People v. Laney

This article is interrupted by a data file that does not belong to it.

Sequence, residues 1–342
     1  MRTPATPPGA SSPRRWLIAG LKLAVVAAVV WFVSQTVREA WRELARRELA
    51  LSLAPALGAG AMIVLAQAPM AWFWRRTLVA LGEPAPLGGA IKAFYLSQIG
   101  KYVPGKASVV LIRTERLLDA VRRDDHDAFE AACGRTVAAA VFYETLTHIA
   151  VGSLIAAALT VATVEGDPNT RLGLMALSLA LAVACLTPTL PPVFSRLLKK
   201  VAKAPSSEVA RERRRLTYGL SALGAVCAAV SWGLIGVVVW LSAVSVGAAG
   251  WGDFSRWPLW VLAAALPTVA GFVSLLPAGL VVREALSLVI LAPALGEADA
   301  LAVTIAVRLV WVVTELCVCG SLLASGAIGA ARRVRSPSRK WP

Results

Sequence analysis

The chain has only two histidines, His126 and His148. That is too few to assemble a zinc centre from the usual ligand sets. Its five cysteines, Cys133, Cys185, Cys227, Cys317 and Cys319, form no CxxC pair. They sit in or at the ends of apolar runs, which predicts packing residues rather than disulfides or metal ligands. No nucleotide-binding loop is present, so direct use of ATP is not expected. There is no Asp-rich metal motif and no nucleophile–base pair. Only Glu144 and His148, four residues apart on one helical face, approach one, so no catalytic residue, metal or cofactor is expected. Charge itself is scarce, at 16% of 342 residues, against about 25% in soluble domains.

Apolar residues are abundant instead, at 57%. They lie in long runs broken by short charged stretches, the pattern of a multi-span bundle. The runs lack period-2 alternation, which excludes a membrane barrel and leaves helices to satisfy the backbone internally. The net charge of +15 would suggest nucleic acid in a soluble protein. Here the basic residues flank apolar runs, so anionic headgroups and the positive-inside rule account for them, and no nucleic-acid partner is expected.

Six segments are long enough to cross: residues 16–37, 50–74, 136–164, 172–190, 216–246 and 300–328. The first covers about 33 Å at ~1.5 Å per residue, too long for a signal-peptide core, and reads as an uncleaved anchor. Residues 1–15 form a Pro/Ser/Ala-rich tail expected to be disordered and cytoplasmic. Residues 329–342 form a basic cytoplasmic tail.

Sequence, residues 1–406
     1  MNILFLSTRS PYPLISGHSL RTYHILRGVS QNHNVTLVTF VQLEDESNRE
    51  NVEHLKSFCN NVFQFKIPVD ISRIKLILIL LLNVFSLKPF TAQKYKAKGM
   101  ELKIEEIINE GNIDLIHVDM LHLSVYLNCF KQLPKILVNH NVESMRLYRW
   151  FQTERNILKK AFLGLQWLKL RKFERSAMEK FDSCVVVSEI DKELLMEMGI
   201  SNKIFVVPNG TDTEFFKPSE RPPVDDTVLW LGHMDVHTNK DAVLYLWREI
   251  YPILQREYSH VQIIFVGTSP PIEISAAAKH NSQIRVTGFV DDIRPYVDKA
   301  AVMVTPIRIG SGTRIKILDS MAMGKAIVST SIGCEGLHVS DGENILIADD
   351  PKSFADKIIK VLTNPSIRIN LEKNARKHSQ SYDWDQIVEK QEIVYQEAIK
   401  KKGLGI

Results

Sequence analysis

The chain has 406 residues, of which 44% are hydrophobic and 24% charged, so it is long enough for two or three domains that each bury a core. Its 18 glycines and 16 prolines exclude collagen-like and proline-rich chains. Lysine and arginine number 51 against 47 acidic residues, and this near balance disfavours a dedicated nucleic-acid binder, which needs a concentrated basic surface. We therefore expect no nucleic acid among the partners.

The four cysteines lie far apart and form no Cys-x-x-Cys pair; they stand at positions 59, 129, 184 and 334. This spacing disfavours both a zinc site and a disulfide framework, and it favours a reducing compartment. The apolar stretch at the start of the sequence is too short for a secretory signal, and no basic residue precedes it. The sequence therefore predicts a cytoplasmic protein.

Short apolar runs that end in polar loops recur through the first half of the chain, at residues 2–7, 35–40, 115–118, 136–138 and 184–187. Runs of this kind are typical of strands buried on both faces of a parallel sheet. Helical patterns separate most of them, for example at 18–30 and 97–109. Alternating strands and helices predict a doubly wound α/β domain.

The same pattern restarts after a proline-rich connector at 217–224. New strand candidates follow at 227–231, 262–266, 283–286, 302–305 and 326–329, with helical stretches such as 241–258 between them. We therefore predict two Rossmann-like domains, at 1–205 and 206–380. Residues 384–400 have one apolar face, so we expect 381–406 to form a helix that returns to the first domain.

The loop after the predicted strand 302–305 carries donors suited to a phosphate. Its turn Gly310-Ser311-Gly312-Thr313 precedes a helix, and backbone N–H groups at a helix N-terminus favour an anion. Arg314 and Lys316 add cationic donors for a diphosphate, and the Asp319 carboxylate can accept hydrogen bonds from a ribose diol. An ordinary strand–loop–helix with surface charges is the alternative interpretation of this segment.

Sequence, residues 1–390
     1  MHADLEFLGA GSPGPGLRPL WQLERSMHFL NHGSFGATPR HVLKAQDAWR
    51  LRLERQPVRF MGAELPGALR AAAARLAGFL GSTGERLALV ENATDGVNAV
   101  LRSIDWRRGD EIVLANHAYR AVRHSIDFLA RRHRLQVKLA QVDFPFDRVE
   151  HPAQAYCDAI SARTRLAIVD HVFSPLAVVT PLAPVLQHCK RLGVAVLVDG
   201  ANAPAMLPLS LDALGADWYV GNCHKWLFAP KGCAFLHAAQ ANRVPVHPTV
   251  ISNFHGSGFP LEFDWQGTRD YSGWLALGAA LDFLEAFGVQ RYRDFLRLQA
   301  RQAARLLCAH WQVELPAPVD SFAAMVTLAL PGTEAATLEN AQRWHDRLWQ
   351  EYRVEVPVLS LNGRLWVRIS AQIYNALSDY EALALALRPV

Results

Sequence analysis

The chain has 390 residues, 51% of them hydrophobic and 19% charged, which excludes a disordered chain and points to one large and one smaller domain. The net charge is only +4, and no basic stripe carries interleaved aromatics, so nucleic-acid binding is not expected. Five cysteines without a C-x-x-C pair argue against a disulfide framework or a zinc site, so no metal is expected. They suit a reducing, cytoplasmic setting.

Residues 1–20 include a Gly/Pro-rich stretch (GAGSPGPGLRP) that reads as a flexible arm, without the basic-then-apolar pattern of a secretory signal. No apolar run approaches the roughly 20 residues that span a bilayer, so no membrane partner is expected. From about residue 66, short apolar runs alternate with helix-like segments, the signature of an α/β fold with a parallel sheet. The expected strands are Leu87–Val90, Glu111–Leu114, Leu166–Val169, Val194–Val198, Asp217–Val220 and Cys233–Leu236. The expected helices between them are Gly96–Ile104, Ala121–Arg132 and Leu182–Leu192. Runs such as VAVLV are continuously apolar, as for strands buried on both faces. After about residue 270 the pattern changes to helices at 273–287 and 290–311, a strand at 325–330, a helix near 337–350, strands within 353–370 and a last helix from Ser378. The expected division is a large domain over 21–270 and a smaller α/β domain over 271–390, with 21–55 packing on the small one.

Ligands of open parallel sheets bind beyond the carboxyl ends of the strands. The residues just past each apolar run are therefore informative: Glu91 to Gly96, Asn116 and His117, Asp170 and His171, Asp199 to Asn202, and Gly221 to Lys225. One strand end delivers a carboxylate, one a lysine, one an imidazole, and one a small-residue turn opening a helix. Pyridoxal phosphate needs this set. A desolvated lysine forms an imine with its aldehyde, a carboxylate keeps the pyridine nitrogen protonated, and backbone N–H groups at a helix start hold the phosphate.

In People v. Laney (1981) 115 Cal.App.3d 508, the court "concluded and held that the rule announced in People v. Pompa-Ortiz (1980) 27 Cal.3d 519. . . applies also to grand jury proceedings." (Laney, supra, 115 Cal.App.3d at p. 513.) The prosecution had arguably violated its duty to disclose exculpatory evidence to the grand jury by withholding statements that impeached a witness's credibility. (Id. at p. 512.) The court held "the irregularities, if any there be, require reversal only if an accused can show he was deprived of a fair trial or otherwise suffered prejudice." (Id. at p. 513.) In determining whether the defendant had a fair trial, the court noted "the allegedly exculpatory evidence set out above was not pursued or brought out at trial." Thus, because "the trial was fair," the prosecution's failure to disclose the impeaching statements to the grand jury was harmless. (Ibid.) Laney is directly on point. Defendant must show prejudice at trial to prevail on a post-trial claim that the indictment was wrongly procured through perjury. (Laney, supra, 115 Cal.App.3d at p. 513.)